Economic Boycott of Muslims: Hindutva Groups Run an Organised Online Campaign

Such narratives are spread on other right-wing groups on social media, religious leaders and far-right TV channels.

5 min read
Hindi Female
Edited By :Padmashree Pande

The brutal thrashing of a 25-year-old bangle seller in Indore on Monday, 23 August, is not an isolated event. This attack was a result of a communal campaign pushed by Hindutva groups on different social media platforms that calls for an economic boycott of Muslim vendors in the country.

A day after the thrashing of the bangle seller, a clip from a 2017 video of BJP MLA Raja Singh was shared on a right-wing group on Telegram without any context. In the video, Singh can be seen calling for a boycott of Muslim businesses.

"Put this in your head, from today, if you buy anything, buy it from a Hindu person not from these traitors [Muslims]. If the 100 crore Hindus living in India follow this ideology, the remaining 25 crore [referring to Muslims] will definitely want to convert into Hinduism," he announces on stage to cheering crowd.

The video was shared on the Telegram group with a caption that said, "Deshadrohi, dharm-drohi, bhaarat virodhi, vidharmiyon ka poorn aarthik bahishkaar." [Translation: Complete economic boycott of those who are anti-national, anti-religious, anti-India].

This incident comes days after a video went viral where members of the Kranti Sena were seen conducting 'surprise checks' at a Muzaffarnagar market to ensure that no Muslim man applies mehendi (henna) on the hands of Hindu women.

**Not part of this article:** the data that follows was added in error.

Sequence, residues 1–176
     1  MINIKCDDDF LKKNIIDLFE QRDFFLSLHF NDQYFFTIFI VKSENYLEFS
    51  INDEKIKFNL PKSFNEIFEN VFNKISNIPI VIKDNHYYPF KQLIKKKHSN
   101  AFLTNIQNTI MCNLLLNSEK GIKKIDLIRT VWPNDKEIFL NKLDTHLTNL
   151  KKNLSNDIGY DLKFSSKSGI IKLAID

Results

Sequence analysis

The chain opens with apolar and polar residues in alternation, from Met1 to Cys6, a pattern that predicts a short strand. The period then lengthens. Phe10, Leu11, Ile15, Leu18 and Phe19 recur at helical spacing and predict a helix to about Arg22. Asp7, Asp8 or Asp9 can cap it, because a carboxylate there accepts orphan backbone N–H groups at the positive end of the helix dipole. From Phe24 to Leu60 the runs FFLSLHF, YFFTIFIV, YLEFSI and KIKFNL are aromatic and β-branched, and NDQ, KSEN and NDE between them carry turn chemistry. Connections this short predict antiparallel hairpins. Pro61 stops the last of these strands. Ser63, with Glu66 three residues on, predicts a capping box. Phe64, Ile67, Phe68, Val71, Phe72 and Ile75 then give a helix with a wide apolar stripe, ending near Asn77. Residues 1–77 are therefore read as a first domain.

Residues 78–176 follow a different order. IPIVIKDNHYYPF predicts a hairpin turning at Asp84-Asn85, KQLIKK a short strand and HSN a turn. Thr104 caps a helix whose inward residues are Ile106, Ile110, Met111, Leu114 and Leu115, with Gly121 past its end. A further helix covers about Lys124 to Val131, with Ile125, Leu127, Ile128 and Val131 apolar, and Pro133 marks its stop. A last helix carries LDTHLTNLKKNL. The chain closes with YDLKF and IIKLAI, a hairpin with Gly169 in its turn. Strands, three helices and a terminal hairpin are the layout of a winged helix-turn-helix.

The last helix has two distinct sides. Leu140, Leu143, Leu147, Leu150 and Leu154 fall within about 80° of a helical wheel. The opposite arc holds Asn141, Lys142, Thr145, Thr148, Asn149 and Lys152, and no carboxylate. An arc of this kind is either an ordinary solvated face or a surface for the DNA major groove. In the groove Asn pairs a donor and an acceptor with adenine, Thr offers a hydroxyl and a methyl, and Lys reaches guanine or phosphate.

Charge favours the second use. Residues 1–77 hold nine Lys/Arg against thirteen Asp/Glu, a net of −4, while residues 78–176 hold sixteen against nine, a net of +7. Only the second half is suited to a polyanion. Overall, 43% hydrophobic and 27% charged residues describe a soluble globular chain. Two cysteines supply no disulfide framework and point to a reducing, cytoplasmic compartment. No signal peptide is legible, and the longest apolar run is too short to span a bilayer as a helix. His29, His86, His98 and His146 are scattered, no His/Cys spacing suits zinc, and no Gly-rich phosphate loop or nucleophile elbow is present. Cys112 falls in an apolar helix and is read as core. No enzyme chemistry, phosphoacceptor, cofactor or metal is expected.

A Narrative Built Online and Offline

Similar narratives are spread on other right-wing groups on different social media platforms, Hindu religious leaders and far-right TV channels like Sudarshan News.

A Facebook page called "मुसलमानों का आर्थिक बहिष्कार करे, हिंदु हिंदु से व्यापार करे" (Economic boycott of Muslims, Hindu should do business with Hindu) has over 6,000 followers and posts photos of street vendors that carried a saffron flag on them to identify themselves as Hindu.

Sushil Tiwari, the head of an outfit that calls itself the Hindu Army, posted a long and detailed Facebook status on how to boycott Muslim businesses. Many more Facebook posts were found that called for economic boycott of Muslims.
Such narratives are spread on other right-wing groups on social media, religious leaders and far-right TV channels.

A message spread on social media groups. 

(Photo: Screenshot/Telegram)

A group that was created to mobilise people for the 8 August protest at Jantar Mantar, where inflammatory slogans were raised, also called for an economic boycott of Muslims.

"Do not buy any goods from a Muslim's place, do not ride in his car, these people will have to die financially, only then they will be calm. Boycott them in every field," one message on the group said. Another one listed 24 professions where one should choose "Sanatani" sellers to make India a Hindu Rashtra in a month.

Similar slogans were raised by Uttam Malik alias Uttam Upadhyay during the protest in Jantar Mantar. In an interview with Newslaundry, Malik said, “The economic boycott of Muslims has to be done to save the country. Stop buying goods from them. Only then we’ll be able to break them.”

Swami Anand Swaroop, a Hindu leader was the subject of an investigation by the Meerut Police after a video went viral where was allegedly calling for an "economic and social boycott of Muslims".

Talking at an event in Chaudhary Charan Singh University, Swaroop said, “You decide that you will not buy anything from a Muslim. If you destroy them socially, politically and economically, they will begin converting to Hinduism from Islam.”